A Texas sheriff said he could potentially bring charges against the owners of a truck with an anti-Trump widow decal, angering First Amendment activists who say the officer is using his position to silence free speech.
In a Facebook post that has since been deleted, Fort Bend County Sheriff Troy E. Nehls asked residents to help locate the owners of a truck with a window decal that proclaims "F— Trump and f— you for voting for him."gi
Nehls wrote he's received "numerous calls" from drivers who are offended by the profanity in the message.
"Our prosecutor has informed us she would accept disorderly conduct charges regarding [the decal], but I feel we could come to an agreement regarding a modification to it," he wrote in the post.
But Karen Forsenca, the truck's owner, was defiant Wednesday, telling NBC-affiliate Click 2 Houston that she does not plan on removing the decal, which has been on the truck for nearly a year.
She also said she thinks Nehls is violating her rights by issuing a public call to find her.
"I thought the whole thing was totally crazy because it's been on there for such a long time," she said. "I feel it's an invasion of privacy and every thing else because putting me on his Facebook page as a blast."
Forsenca told Click 2 Houston that she's been pulled over by multiple officers for driving with the sticker, but she said they ultimately let her go.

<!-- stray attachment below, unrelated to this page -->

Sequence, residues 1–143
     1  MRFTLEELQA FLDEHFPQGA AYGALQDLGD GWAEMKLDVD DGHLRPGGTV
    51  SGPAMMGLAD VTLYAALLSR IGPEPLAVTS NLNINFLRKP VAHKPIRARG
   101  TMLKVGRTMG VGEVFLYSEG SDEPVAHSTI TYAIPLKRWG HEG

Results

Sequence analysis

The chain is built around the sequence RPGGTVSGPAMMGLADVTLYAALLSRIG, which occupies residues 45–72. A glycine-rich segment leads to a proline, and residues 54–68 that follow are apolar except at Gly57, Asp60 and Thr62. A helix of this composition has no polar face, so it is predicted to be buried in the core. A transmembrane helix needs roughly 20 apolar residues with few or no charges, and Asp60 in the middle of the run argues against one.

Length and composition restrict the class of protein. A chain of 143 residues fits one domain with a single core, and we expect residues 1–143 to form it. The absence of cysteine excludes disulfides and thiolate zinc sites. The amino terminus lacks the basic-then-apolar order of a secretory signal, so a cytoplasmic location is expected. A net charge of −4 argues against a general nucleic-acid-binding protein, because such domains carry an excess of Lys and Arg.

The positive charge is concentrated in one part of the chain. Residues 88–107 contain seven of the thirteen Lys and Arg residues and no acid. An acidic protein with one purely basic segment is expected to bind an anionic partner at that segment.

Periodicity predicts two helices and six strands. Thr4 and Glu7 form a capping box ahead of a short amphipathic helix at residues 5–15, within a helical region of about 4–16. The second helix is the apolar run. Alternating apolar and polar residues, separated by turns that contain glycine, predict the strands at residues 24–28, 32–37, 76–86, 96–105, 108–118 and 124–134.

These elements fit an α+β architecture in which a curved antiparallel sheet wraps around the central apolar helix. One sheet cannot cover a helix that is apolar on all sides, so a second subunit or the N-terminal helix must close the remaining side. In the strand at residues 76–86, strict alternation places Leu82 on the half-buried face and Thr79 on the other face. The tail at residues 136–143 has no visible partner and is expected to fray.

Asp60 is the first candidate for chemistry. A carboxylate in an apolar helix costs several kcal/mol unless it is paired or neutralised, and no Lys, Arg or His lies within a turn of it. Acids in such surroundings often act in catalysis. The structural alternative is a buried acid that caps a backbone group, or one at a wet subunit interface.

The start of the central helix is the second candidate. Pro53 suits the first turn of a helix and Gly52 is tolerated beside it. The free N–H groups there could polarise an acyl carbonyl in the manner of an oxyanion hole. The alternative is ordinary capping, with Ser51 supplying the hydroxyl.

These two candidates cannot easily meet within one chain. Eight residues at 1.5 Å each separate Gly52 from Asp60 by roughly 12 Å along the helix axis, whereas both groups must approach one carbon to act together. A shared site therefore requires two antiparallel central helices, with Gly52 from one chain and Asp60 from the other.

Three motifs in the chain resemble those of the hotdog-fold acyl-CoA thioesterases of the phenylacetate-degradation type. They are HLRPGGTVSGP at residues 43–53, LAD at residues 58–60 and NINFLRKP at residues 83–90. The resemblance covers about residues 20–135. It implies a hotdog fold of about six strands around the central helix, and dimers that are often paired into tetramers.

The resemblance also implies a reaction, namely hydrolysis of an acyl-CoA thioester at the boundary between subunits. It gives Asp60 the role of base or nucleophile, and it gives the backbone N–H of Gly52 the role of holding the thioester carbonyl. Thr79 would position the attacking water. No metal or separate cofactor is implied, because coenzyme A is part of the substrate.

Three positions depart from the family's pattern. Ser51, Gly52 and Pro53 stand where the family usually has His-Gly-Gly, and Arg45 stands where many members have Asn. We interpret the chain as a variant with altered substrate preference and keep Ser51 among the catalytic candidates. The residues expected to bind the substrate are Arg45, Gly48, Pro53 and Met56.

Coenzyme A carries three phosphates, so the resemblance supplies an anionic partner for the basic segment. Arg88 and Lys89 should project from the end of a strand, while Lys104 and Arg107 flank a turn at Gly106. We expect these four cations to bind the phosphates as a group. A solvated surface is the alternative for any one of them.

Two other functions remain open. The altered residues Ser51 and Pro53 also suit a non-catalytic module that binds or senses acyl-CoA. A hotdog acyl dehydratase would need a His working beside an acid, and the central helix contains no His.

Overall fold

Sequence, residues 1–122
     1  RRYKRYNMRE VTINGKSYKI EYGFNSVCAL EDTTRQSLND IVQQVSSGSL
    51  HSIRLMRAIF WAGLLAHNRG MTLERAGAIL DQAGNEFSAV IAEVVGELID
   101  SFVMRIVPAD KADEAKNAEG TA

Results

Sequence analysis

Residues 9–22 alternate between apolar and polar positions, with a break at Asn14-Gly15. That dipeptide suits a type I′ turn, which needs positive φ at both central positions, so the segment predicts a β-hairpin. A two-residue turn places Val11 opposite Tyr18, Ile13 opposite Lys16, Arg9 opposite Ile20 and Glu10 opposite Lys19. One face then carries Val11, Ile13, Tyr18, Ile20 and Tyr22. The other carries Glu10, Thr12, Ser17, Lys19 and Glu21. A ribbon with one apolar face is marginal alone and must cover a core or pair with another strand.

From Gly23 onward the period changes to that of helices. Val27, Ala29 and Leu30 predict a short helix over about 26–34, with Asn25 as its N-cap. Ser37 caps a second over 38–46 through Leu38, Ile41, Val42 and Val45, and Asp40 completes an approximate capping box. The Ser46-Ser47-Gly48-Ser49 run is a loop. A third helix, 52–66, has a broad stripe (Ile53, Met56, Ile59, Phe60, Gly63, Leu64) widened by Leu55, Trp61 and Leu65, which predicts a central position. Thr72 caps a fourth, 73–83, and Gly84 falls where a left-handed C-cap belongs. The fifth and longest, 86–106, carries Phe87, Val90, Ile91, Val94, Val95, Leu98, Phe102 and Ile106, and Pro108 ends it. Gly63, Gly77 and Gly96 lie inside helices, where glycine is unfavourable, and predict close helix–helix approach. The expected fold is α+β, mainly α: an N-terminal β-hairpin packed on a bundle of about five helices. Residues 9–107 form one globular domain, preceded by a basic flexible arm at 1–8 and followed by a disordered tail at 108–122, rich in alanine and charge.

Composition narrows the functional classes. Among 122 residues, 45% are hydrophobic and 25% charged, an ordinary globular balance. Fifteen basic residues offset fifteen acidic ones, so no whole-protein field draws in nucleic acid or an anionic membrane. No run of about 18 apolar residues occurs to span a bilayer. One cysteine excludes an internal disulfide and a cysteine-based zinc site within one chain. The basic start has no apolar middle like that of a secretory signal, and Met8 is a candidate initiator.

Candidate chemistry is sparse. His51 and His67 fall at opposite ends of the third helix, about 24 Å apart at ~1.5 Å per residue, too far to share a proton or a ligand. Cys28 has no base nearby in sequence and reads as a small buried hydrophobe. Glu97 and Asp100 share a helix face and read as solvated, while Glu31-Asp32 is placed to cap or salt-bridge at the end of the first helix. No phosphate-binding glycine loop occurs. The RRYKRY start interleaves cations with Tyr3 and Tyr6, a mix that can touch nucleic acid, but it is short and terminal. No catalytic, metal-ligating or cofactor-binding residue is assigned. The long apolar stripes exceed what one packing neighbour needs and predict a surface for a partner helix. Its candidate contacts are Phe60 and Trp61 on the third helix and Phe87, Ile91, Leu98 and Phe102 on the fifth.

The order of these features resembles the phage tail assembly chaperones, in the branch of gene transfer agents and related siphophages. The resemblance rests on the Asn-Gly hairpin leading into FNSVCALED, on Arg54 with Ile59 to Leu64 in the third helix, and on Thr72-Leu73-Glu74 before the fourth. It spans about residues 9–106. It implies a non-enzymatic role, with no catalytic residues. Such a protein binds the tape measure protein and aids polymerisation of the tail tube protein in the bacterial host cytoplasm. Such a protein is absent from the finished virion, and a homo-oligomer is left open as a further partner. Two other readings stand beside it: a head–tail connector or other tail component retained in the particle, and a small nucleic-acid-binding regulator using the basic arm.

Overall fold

"I'm like they're going to give me a ticket. If you can show me in the law book where you can give me a ticket — they couldn't find the code so they couldn't give me a ticket," she said. "There is no law against freedom of speech in Texas," she added.
As a mother of 12, Forsenca said she understands why parents might be upset with the window decal, but she added that she doesn't see a difference in her sticker and the language used online.
"This is nothing," she said. "Unless you're going to put your kids in a bubble, you can't blame it on your children."
Hours after Nehls' post went up, the ACLU of Texas slammed the sheriff for threatening free speech, citing a Supreme Court decision that overturned a conviction for disturbing the peace because the defendant wore a jacket with profanity on it.
Nehl's post sparked a swift backlash on social media, with some praising the sheriff for his decision to find the driver. Others, however, have accused him of launching a politically motivated attack against the driver because Nehls, a Republican, has announced that he is "seriously considering" a run for Congress in 2018.
In February, Nehls tweeted that he is forming an exploratory committee to run for the Texas 22nd Congressional District, according to Click 2 Houston.